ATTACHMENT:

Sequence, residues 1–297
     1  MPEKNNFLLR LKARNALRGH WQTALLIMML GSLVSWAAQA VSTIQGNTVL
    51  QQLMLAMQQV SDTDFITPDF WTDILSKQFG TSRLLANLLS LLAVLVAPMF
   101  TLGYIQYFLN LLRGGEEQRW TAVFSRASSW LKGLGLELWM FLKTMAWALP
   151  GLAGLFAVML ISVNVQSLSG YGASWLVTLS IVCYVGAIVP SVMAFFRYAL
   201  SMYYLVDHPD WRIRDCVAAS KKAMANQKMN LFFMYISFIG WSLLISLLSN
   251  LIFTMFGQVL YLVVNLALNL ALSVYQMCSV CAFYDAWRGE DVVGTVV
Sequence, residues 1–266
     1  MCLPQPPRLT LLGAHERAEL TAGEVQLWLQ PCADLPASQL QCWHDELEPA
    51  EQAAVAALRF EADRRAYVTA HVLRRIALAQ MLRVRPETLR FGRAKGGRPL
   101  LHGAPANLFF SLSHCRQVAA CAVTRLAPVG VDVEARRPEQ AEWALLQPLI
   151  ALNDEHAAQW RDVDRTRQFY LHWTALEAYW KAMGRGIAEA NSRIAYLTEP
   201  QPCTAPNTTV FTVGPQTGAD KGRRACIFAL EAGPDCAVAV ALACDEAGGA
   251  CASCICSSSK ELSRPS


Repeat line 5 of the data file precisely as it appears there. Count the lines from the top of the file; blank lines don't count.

   151  GLAGLFAVML ISVNVQSLSG YGASWLVTLS IVCYVGAIVP SVMAFFRYAL